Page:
ADMA/NO endothelial pathway in hypoxia-associated chronic respiratory diseases

Luneburg Nicole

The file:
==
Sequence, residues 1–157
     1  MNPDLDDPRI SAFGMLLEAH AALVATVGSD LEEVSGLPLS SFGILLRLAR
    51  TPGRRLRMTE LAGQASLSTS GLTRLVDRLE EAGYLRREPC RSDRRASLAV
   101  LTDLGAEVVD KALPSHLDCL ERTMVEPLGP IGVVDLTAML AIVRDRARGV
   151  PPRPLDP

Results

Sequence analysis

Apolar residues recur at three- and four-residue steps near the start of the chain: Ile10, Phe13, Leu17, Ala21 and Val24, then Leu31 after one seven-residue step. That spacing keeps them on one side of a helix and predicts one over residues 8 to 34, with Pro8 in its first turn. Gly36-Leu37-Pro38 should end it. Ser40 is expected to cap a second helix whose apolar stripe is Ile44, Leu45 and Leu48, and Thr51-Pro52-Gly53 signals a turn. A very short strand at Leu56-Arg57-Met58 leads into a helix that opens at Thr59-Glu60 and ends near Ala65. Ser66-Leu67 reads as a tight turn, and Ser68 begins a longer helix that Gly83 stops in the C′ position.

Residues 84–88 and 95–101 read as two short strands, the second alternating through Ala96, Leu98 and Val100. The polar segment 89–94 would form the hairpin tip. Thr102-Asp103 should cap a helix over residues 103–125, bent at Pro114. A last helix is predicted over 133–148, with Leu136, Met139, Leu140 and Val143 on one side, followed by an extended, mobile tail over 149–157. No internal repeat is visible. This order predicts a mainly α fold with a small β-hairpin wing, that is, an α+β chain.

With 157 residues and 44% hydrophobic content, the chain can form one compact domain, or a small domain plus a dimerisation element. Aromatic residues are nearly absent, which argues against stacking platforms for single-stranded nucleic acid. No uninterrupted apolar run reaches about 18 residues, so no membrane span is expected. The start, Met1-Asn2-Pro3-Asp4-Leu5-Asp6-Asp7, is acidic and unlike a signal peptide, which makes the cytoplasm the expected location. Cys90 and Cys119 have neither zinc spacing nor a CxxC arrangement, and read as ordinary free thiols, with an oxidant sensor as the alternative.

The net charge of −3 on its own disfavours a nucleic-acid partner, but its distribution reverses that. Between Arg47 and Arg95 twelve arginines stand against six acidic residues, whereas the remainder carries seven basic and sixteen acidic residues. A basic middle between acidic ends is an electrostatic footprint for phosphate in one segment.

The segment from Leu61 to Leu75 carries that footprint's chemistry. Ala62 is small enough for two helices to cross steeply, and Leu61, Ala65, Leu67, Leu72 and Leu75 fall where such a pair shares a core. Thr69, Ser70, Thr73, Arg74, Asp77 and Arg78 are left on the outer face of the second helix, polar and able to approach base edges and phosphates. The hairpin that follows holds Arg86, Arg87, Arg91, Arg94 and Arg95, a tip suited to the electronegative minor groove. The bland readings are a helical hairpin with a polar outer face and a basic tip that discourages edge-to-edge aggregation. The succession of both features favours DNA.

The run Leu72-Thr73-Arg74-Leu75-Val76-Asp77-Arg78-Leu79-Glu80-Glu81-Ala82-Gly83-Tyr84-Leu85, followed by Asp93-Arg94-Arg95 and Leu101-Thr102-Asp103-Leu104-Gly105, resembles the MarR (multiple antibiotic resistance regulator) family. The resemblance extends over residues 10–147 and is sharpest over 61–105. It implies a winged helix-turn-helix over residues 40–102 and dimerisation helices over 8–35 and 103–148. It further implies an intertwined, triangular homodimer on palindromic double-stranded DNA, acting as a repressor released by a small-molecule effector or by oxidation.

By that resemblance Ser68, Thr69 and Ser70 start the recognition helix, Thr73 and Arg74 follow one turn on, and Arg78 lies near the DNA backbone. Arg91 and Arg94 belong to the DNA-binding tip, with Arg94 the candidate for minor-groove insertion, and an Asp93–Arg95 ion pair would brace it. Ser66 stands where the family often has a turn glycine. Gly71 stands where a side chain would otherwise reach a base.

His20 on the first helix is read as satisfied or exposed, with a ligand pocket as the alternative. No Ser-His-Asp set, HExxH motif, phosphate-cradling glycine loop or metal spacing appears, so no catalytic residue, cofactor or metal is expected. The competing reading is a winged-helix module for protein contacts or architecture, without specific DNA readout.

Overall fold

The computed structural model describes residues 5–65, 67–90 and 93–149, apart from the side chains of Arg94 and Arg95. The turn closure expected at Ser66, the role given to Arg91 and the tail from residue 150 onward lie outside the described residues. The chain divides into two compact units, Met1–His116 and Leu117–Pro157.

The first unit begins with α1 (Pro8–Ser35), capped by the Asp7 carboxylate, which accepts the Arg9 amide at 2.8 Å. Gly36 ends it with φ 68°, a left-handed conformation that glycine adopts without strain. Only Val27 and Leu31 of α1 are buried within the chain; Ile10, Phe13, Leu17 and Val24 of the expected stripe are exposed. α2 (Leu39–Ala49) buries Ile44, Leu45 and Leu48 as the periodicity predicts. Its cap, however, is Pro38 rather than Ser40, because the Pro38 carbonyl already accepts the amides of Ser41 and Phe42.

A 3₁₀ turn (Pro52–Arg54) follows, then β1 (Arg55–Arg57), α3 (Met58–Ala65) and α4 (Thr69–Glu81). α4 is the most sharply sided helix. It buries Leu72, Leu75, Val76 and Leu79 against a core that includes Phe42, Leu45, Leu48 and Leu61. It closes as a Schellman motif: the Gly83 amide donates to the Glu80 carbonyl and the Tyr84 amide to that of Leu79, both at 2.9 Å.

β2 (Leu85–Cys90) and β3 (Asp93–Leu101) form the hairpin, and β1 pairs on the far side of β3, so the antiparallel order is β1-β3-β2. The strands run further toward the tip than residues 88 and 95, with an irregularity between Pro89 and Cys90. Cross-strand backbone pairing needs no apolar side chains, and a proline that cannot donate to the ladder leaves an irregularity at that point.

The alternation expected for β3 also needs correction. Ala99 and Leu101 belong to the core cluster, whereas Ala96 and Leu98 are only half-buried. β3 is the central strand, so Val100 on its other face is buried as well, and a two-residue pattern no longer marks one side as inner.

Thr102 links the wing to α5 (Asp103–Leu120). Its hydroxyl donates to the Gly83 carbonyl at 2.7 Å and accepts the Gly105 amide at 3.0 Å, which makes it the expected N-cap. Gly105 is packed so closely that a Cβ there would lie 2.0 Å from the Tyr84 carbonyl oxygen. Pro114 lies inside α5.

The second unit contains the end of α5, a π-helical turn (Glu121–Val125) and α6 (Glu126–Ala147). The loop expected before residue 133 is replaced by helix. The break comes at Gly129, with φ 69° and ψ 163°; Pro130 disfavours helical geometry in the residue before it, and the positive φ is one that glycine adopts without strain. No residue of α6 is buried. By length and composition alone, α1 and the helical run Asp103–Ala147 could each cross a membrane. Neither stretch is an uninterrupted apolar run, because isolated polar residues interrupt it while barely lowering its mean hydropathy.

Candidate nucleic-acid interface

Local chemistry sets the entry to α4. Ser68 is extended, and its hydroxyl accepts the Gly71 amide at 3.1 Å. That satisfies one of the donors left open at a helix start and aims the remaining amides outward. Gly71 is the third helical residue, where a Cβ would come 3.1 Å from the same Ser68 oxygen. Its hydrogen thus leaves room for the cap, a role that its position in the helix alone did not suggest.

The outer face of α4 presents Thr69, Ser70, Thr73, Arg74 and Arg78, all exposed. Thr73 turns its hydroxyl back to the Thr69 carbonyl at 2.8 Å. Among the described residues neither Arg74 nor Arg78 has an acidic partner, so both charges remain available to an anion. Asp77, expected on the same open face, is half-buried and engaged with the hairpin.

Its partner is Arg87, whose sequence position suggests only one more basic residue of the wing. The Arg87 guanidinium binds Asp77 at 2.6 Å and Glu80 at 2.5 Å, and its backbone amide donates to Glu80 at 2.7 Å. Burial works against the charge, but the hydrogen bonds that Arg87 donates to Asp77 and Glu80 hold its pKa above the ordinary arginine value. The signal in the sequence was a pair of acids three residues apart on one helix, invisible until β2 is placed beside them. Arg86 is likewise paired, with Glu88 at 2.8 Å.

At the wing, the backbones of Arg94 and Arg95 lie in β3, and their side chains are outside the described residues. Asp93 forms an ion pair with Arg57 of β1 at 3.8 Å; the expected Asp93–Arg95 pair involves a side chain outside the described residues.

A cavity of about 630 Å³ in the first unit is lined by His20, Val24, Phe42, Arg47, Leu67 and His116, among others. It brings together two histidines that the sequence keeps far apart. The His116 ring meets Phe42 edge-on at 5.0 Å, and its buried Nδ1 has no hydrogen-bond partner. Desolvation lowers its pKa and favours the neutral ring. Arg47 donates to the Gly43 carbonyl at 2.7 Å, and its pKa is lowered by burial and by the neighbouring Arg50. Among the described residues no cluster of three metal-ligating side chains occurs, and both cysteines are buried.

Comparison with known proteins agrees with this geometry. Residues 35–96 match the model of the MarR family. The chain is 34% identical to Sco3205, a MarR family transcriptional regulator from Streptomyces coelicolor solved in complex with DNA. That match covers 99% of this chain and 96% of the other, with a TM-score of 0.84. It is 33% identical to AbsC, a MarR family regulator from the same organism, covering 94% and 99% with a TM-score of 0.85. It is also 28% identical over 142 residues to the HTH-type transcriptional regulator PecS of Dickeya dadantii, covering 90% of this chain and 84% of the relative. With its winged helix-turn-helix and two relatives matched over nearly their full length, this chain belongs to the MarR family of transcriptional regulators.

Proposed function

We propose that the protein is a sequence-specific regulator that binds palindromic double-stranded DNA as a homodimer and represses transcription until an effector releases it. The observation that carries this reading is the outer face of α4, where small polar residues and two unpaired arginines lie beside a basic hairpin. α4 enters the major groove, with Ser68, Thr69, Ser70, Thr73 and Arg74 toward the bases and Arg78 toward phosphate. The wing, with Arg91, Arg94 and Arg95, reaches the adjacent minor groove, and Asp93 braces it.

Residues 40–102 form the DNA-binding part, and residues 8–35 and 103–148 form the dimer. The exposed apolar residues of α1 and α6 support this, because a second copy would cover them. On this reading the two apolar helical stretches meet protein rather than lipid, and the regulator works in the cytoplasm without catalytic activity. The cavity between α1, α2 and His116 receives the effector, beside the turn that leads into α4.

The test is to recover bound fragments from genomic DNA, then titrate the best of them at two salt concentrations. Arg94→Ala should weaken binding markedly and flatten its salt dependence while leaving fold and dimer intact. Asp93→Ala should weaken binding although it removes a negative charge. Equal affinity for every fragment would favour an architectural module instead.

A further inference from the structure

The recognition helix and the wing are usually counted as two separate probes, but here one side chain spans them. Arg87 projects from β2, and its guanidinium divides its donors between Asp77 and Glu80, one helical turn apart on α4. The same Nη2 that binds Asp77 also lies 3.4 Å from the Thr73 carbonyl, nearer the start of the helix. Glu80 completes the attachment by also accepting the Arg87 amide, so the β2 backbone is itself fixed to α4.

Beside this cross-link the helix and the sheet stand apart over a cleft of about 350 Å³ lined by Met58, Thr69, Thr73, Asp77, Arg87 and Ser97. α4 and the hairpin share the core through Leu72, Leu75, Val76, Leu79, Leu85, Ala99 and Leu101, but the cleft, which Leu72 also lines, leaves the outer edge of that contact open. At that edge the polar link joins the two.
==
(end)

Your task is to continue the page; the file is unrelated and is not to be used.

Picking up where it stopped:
Since its discovery, it is widely believed that Asymmetric Di Methyl Arginine (ADMA), as an inhibitor of Nitric Oxide (NO) synthesis, contributes to the pathogenesis of various diseases. This is especially evident in diseases of the cardiovascular system, where endothelial dysfunction leads to an imbalance between vasoconstriction and vasodilation. Although increased ADMA levels are strongly associated with endothelial dysfunction, several studies have pointed to a potentially beneficial effect of ADMA, primarily in the context of angiogenic diseases such as cancer and fibrosis chemical. The NO-independent anti proliferative properties of ADMA were identified in this setting. In particular, the regulation of ADMA by the degrading enzyme Dimethyl Arginine Dimethyl Amino Hydrolase (DDAH) has been the subject of many studies. DDAH is considered a promising therapeutic target for the indirect regulation of NO. In hypoxia-associated chronic respiratory disease, this controversial discussion of ADMA and DDAH is particularly clear-cut and is therefore the focus of this review. Endothelial-derived NO is known to be a major mediator of vasomotor tone regulation. NO is involved in a variety of mechanisms with regulatory functions, including inhibition of platelet adhesion and aggregation, monocyte adhesion, and smooth muscle cell proliferation. Therefore, NO plays an important role in vascular homeostasis. NO is produced by Nitric Oxide Synthase (NOS) enzymes. There are three distinct isomers that catalyze the formation of NO from the L-arginine and O2 substrates, with L-citrulline being generated as a second product. The distinct isoforms differ in their tissue and cellular distribution and regulatory mechanisms. The three isoforms are neuronal NOS (NOS1, nNOS), inducible NOS (NOS2, iNOS) and endothelial NOS (NOS3, eNOS). Among others, nNOS is mainly expressed in the central and peripheral nervous system, kidney, pancreas, and skeletal muscle. The induced form of NOS was initially identified as a mediator of innate immunity and macrophages and can be induced in different cell types such as vascular smooth muscle cells, renal tubular epithelium, hepatocytes and mesenchymal cells. Expression of eNOS is mainly limited to vascular endothelial cells and mainly to medium and large sized arteries and arterioles.